John Perry Barlow on Tue, 3 Jun 1997 02:50:34 +0200 (MET DST)

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Re: <nettime> The Piran Nettime Manifesto

At 3:46 PM -0700 5/27/97, t byfield wrote:
>On Tue 05/27/97 at 10:05 AM -0600, John Perry Barlow <> wrote:
>> Wow. It sounds as if you folks had yourselves quite a time. Probably a good
>> thing I wasn't there...
>If I may ask: Why? I'm sure various people have various ideas about
>this, but fractionalism is one thing, but separatism quite another.

I think there is so much difference between the beliefs stated in the
"manifesto" and my own that I would have been enormously frustrated to find
myself so deeply at odds with the consensus.

>If "pan-capitalism" is "the natural state of things," then there's
>no point in talking about it: it has all the conceptual clarity of
>the word "stuff." I suppose you can evaluate "the natural state of
>things" in a positive way, but what you're pretty much saying that
>the world's a great place. Indeed it is--now what? Well, now we'll
>need to think about it in clear terms that convey *some* amount of

What I meant to say is that nature is itself a free market system. A rain
forest is an unplanned economy, as is a coral reef. The difference between
an economy that sorts the information and energy in photons and one that
sorts the information and energy in dollars is a slight one in my mind.
Economy *is* ecology.

.So let's do that... The notion that every regime that
>has imposed a planned economy has failed is clearly false: there's
>been a recent wave of collapsing governments in a specific region,
>and they followed a limited range of economic planning strategies;
>but they were never the monolithic bogey that the US made them out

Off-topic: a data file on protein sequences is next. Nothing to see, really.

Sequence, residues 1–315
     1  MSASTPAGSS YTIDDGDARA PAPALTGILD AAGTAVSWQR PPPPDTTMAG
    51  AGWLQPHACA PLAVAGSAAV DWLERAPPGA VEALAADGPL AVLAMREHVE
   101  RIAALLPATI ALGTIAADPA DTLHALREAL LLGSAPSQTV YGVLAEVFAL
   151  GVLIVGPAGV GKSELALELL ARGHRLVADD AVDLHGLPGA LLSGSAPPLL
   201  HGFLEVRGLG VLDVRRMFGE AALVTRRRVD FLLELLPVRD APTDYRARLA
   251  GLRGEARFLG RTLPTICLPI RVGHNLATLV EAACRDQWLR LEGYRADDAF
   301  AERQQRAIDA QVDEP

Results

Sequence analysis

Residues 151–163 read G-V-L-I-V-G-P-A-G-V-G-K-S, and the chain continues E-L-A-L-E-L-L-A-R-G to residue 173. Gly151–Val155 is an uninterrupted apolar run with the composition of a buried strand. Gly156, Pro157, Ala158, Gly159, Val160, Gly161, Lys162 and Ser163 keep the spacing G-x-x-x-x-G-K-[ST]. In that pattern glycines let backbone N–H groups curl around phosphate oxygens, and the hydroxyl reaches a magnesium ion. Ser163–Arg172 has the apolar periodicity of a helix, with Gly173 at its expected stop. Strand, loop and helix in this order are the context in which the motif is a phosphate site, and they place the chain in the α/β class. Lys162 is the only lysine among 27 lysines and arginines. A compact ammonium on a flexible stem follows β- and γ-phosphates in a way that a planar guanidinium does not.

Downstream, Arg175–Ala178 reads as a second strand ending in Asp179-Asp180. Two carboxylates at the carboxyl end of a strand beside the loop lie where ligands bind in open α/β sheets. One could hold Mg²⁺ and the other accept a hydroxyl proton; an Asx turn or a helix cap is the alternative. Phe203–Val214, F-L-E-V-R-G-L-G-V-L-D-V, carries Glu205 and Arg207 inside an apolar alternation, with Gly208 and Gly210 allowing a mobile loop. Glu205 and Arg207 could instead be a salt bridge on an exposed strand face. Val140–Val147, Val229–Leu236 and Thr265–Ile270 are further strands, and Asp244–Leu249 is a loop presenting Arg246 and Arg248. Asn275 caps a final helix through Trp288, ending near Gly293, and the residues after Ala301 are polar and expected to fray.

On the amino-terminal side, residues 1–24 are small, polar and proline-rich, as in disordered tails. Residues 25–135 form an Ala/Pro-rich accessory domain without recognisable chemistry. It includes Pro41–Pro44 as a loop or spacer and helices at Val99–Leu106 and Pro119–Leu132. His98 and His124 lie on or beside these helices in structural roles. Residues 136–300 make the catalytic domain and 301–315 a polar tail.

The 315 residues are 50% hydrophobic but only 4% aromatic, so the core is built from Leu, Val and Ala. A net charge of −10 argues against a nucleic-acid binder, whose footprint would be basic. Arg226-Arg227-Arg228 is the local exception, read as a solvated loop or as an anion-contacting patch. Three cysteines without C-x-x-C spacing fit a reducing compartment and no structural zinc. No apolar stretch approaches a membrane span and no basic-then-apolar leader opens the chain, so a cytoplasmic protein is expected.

>to be when they were in power--and nor were they the only examples
>of "planned economies."

Very well. Can you give me an example of a planned economy that seems to be
healthy...and appears likely to remain so for the long term?

> No amount of quibbling can change the fact
>that every major industrialized country imposes an incredibly wide
>range of procedures that serve to regulate their economies, and to
>do so with the aim of meeting very specific goals: *planning*. And
>they *all* do so through a range of techniques, which rely on both
>"incentives" and "coercion."

There is a lot of tinkering with industrial economies through regulation
and tax incentives, but I would say more of these techniques are in decline
and increasing low repute. Look at what is happening with
telecommunications worldwide. I don't know a single country that still
believes the PTT model is the way to optimize communications.

>Maybe that brings us full circle, to the
>claim that pan-capitalism is somehow "natural"; but if it does, it
>does nothing else--and leaves us wondering whether you're claiming
>that whatever you mean by "planned economies" was unique in all of
>world history as an unnatural creation of man.

I'm not sure that anything humans do is unnatural.In a sense, it's all
nature. But some our efforts are so mechanistic as to be
counter-productive. I would assert that planned economies have been about
as successful as many planned ecologies: tree farms, drained wetlands, etc.
Mother Nature is cruel, but she can be far kinder than the unintended
results of our best intentions.


John Perry

John Perry Barlow, Cognitive Dissident
Co-Founder, Electronic Frontier Foundation

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simplest things, and because it takes a man's life to know them, the little
new that each man gets from life is very costly and the only heritage he
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                                  -- Ernest Hemingway

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